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As expected, road to Las Vegas stadium passing was rocky

CARSON CITY — In the end, when 28 names in green appeared on a large video screen inside the Nevada Assembly, when the largest public contribution to a stadium project in U.S. history had been approved, one foremost truth stood alone: If the Oakland Raiders indeed make Las Vegas home, the power of coalition paved the way.

It was tedious and messy and bizarre and fascinating and not nearly as transparent a process as many would have you believe, but five days after a special legislative session to consider public financing for a $1.9 billion domed stadium began, Las Vegas stood far closer to landing an NFL franchise than anyone ever imagined possible.

Senate Bill 1 received exactly two-thirds majority support in the Assembly on Friday, meaning a public-private partnership that will be funded in part by $750 million in Clark County hotel room taxes will be signed into law by Gov. Brian Sandoval on Monday in Las Vegas.

He will be joined by Raiders owner Mark Davis.

Yep. That part is very real now.

The bill was earlier passed in the Senate, which agreed to a few Assembly amendments.

The collective force of Las Vegas Sands Corp., and MGM and Wynn and Caesars, along with the labor unions and UNLV, all of whom united in different ways behind legislation for the stadium and convention center improvements.

“It’s a historic day, not just for the university but for the whole state,” UNLV President Len Jessup said. “There were definitely more ups and downs and drama than a (regular session). This is difficult — $750 million is difficult to wrap your arms around for any project. But as I sold someone earlier, this reminded me of the John F. Kennedy quote — ‘We didn’t do these things because they’re easy but because they’re important.’ ”


He paraphrased words Kennedy gave in a speech on the nation’s space efforts, and by the time the Assembly cast 28 votes in favor of SB1, you got the feeling several legislators would have rather been on the moon than watching approval.

This was hardly a nice and tidy process. It felt rushed from the outset. It was rushed, given legislators were asked to understand and vote on a project in a matter of days that was developed over 16 months.

Some even received threats on social media.

Republican leaders obviously weren’t completely convinced they had 28 votes Friday, which is why they immediately called the bill to question without discussion. This, not 12 hours after a report from a Nevada Department of Transportation consultant surfaced about the need to accelerate at least $899 million in Las Vegas freeway improvements if the stadium opens by 2019.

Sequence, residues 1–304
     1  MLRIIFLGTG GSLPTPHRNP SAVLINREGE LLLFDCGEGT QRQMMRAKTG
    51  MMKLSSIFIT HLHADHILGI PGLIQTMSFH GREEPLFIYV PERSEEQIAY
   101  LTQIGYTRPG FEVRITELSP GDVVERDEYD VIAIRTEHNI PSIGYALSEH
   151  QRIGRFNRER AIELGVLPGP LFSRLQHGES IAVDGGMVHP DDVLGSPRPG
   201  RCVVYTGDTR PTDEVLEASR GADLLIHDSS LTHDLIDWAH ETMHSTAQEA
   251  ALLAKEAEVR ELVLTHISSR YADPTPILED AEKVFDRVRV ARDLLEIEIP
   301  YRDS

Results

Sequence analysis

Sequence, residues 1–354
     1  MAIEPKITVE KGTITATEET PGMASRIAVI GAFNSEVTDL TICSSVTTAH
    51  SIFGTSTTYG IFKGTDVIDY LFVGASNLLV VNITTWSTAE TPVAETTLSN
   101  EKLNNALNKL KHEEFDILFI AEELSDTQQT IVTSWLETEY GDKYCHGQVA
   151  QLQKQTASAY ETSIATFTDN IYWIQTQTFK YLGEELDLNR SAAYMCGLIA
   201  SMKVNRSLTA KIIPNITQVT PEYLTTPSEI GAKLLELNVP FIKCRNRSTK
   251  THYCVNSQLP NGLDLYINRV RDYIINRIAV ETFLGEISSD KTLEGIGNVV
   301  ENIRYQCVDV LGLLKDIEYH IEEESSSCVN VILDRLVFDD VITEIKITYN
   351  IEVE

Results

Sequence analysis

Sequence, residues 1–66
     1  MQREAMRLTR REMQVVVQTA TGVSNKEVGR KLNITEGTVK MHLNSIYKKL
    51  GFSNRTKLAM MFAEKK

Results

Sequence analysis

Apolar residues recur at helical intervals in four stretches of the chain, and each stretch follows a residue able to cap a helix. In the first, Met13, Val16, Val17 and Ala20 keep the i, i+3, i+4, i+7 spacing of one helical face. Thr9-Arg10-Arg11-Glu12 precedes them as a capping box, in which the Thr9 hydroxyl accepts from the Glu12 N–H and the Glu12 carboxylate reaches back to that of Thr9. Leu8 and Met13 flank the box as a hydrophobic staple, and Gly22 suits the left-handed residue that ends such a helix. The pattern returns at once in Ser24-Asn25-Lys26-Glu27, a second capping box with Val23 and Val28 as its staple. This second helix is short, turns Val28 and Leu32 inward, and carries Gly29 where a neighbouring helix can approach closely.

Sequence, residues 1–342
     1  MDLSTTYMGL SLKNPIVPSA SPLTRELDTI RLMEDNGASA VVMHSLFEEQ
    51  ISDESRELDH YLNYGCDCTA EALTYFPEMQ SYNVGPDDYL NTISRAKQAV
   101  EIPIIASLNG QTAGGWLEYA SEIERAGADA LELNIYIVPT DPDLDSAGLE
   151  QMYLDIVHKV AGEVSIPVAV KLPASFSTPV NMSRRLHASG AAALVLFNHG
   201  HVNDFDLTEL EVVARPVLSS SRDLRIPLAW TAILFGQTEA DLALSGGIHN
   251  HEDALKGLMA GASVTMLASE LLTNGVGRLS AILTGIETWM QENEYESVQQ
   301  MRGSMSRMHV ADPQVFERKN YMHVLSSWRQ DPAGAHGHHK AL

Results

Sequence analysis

A report that was dated Oct. 4, but one made aware to several legislators only after reviewjournal.com posted an article late Thursday.

“I thought something was going on, but it was also supposed to be an open and transparent process, and to actually shut down the ability for us to rise and speak (before voting) was a good example of the whole corrupt nature of this process,” Republican Assemblyman Ira Hansen said. “What you just witnessed is why so many people believe Nevada has a corrupt Legislature.”

It is an amended bill that helps UNLV more than the original version, given the Rebels now will be represented on an expanded nine-member Stadium Authority Board and its rent for games will be fixed at actual operating costs.

But what assuredly moved this to passage — and for a few Democrats to cross over and some Republicans who were thought to be against the bill to instead vote in favor — was the potential for jobs being created and the possible economic impact through the stadium and an expanded and renovated Las Vegas Convention Center.

Which means labor unions and public comment about putting people back to work had their desired influence.

“To me, this is all about jobs for Southern Nevada,” Republican Assemblywoman Jill Dickman of District 31 said. “I felt it was important to support our Southern legislators. They know best what they need. This project will be good for Northern Nevada, as well. Nevada was built by taking risks, and this is just another project that will keep us on the cutting edge of tourism.”

So it moves forward into law, this project whose price tag is shared by the family of Las Vegas Sands Corp. Chairman and CEO Sheldon Adelson, the Raiders and the tourism tax.

It was a bumpy ride for five days, but it ultimately delivered this fact: The NFL owners will hold their fall meetings Tuesday and Wednesday in Houston, where Davis is expected to present the stadium plan to the other 31 teams and informally announce his intention to move to Las Vegas, likely for the 2020 season.

The Raiders can’t officially apply for relocation until Jan. 15.

“It’s great news for Las Vegas, it’s great news for Nevada, it’s great news for all those workers that are looking forward to jobs,” said Andy Abboud, senior vice president of government relations and community development for Las Vegas Sands, which negotiated on behalf of Adelson’s family. “It’s an exciting day for the Raiders and UNLV. We lived and died four, five, six times the last week. But by the end of the day, the weight of the arguments and the economic opportunity clearly carried the day.”

In the end, 28 names went green and history was made Friday.

It wasn’t neat and tidy and at times not all that transparent, but who in the world expected it to be?

The Review-Journal is owned by the family of Las Vegas Sands Chairman and CEO Sheldon Adelson.

Ed Graney can be reached at egraney@reviewjournal.com or 702-383-4618. He can be a heard on “Seat and Ed” on Fox Sports 1340 from 2 to 4 p.m. Monday through Friday. On Twitter: @edgraney

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